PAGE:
This is an archived article that was published on sltrib.com in 2011, and information in the article may be outdated. It is provided only for personal research purposes and may not be reprinted.
Tar sands are no longer a what-if. This water-intensive mining may be coming to Utah soon, and what it could become is a big deal indeed.
Unlike gas wells, extracting oil from sand is neither quiet nor unobtrusive. Despite admirable efforts to minimize water use and reduce water pollution, the industry uses considerable water and generates wastes, especially if pipelines are built and field refineries established to avoid trucking the thick oil.
It is estimated that making usable oil from tar sands consumes four barrels of energy to make 10 barrels of synthetic crude, generating greenhouse gases in the process. It requires a huge infrastructure to supply that up-front energy and transport the oil out.
Of course, we need oil, and as a statewide industry, it might supply a few percent of our daily oil consumption. It might also depress the rising price of gas a bit. It will generate well-paying jobs and tax revenue for cash-strapped governments.
It will also compete with renewable energy for public subsidies. We will not tell Saudi Arabia to get lost. A lot of rural country, some of it in or near spectacularly scenic areas that attract cash-laden tourists, could eventually be transformed into open pits, refineries and rolling hills of porous beach sand covered by a thin layer of topsoil whose reclamation will be neither easy nor quick.
Barring the unlikely success of an appeal from organizations that include Living Rivers of Moab, Earth Energy Resources, a small Canadian company, will eventually get its permit from the Utah Division of Oil, Gas and Mining. The company plans to develop a 200-acre, 150-feet deep mine on state-owned land atop East Tavaputs Plateau. If successful, in 10 years it could apply for 2,000 acres. The lease lies within the 225 square miles of PR Springs, one of 10 Special Tar Sands Areas designated in 1981 by Congress, back when James Watt was Interior secretary.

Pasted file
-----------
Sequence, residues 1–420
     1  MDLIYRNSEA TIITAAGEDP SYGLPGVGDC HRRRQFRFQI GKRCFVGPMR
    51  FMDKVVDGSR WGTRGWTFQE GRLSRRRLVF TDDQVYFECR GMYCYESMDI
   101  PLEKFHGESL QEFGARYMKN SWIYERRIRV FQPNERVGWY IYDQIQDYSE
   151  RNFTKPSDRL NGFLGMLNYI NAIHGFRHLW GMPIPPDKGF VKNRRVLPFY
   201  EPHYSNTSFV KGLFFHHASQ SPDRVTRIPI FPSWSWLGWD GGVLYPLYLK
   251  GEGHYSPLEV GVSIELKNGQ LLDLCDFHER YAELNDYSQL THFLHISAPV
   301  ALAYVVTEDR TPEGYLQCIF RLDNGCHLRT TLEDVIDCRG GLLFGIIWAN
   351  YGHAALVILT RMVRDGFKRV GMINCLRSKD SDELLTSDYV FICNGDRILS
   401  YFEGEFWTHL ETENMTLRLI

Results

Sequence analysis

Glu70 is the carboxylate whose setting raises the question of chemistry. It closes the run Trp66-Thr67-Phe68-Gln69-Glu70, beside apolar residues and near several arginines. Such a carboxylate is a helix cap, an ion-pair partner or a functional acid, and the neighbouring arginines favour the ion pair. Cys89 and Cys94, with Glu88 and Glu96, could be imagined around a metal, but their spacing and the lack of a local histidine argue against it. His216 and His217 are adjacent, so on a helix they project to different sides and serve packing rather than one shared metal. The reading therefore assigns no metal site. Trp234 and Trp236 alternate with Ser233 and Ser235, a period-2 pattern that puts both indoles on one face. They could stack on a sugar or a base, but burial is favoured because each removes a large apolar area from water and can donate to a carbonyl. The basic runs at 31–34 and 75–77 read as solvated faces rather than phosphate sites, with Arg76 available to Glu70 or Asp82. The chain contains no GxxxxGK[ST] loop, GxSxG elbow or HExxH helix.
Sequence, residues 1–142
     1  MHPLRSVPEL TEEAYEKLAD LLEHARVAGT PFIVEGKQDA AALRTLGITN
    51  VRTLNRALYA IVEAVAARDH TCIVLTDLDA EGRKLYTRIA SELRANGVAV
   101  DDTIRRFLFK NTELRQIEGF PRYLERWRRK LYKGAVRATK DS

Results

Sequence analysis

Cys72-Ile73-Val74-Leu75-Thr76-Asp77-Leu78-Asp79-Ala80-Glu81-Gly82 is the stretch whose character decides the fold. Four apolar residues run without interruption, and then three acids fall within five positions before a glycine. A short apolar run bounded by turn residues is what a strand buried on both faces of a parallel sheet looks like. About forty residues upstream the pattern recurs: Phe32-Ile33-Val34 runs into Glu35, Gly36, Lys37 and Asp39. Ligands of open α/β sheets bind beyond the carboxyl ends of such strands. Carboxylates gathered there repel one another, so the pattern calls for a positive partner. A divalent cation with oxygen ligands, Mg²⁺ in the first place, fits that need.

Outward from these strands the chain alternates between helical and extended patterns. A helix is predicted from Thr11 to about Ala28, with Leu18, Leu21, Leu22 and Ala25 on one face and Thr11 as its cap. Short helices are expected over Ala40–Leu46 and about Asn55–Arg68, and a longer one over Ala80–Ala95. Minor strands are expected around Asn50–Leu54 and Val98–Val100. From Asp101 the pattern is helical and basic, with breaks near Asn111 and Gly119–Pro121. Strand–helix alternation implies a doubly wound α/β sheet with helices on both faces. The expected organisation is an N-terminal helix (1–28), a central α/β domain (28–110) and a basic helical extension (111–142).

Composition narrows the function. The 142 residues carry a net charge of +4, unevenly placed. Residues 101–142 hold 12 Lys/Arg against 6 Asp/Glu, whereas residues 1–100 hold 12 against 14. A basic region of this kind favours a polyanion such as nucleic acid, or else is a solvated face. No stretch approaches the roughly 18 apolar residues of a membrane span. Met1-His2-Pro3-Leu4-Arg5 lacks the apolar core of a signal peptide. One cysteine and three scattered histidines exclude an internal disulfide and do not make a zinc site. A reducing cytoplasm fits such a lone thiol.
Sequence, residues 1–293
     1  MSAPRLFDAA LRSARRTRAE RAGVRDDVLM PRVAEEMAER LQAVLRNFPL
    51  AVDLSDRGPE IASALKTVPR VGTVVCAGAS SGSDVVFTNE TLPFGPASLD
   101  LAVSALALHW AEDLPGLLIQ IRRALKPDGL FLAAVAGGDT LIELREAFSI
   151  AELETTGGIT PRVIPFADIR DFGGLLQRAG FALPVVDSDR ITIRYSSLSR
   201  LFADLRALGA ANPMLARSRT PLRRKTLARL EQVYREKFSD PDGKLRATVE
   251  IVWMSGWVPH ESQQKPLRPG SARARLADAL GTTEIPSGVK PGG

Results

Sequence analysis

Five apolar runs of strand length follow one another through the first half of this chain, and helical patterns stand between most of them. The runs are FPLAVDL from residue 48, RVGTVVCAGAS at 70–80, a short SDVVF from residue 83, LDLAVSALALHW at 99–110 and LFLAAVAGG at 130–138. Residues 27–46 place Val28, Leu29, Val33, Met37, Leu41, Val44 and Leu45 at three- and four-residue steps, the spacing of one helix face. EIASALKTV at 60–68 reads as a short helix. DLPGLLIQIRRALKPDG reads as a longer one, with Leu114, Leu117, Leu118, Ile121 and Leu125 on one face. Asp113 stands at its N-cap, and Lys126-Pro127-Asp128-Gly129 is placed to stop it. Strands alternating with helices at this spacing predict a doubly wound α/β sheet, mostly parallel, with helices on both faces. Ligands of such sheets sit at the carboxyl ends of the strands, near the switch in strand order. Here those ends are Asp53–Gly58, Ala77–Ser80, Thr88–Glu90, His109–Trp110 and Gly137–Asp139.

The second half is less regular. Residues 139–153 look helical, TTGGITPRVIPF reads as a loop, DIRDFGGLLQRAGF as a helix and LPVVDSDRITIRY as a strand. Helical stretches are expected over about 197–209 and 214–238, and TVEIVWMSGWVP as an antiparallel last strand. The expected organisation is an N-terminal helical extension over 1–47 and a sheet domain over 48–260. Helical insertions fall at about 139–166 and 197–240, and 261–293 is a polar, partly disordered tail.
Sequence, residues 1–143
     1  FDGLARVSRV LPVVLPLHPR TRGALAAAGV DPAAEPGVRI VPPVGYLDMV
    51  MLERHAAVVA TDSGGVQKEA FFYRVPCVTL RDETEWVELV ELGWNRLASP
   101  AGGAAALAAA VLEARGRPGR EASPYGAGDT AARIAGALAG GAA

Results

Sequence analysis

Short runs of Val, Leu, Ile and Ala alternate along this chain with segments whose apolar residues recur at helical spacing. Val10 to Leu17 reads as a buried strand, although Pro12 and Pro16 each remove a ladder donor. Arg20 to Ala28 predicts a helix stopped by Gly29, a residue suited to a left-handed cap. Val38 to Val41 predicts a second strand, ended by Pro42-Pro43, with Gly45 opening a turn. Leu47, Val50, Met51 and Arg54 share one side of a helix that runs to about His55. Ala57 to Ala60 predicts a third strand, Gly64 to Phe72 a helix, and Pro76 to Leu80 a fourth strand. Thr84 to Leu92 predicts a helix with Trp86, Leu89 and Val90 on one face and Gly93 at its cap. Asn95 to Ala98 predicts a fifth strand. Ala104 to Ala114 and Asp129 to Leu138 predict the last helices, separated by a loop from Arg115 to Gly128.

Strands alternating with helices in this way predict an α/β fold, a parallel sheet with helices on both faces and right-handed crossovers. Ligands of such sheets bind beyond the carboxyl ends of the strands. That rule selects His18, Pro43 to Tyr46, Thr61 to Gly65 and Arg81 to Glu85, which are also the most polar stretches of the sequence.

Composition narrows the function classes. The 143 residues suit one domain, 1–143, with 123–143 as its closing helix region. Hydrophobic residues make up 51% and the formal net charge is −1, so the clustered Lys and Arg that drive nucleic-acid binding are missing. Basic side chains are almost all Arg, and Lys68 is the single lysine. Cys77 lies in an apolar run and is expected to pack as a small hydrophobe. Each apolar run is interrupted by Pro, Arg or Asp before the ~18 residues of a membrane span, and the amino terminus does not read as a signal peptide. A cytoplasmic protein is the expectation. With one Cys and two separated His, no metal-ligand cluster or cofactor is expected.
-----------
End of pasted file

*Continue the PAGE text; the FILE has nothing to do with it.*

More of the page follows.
Energy Resources says it plans to strip mine and proudly points out that it uses less water and energy than the process used in Athabasca, Alberta.
Here's what Earth Energy Resources plans to do: The ore, a cross between asphalt and sandstone, will be dynamited, scooped, hauled and crushed. Utah's oil sands hydrocarbon is called a bitumen, heavier and more viscous than Canadian tar sands, and more difficult to separate from sandstone. Citrus oil, ideally from Brazilian oranges and lemons, according to the patent application, is added, so that the coalesced bitumen and oil is light enough to float on water where it is skimmed off.
While citrus oil is a hydrocarbon solvent, one part surfactant per 200 parts oil is added as well; it is Witconate P-1059 made by Akzo Nobel Surface Chemistry Corp., a Swedish company. EER doesn't discuss where the surfactant goes when the oil and water mixture settles. It appears that it could end up in damp reclaimed sand unless removed otherwise. Its data sheet says it's moderately toxic to aquatic organisms. In toxicology, concentration is everything, so it's not clear if it's a problem. Additionally, smaller amounts of an anti-foaming agent, Guardex PC-O-H 4625, are added, and possibly water softening chemicals such as lime, soda ash, soda water or chlorine to control pH. The exact recipe is secret.
About 10 parts water per part oil are added and heated to 100 degrees, an energy-intensive step. The resulting slurry is agitated and then allowed to settle. The water is drained, centrifuged and about 80 percent recycled, leaving damp sand with water-soluble chemicals and residual citrus oil-bitumen to be redeposited in the ore body. The citrus oil is distilled from the bitumen and recycled, another energy-intensive step.
What's left bitumen must be heated to get it into barrels for trucking to a heavy oil refinery and heated again to get it out. As in Canada, bitumen must be upgraded to make synthetic crude oil, and upgrading requires roughly 17 percent of a barrel of energy. It uses water as well to cool the porous coke to get it in and out of transportation carts.
All of this, then, to recover what nature didn't finish cooking. Is it worth it? Not in my book. Let's spend our energy development dollars on more promising technologies that leave wild country in peace.
Mike Duncan is a contributor to Writers on the Range, a service of High Country News (hcn.org). He is a former aerospace engineer now living in Moab.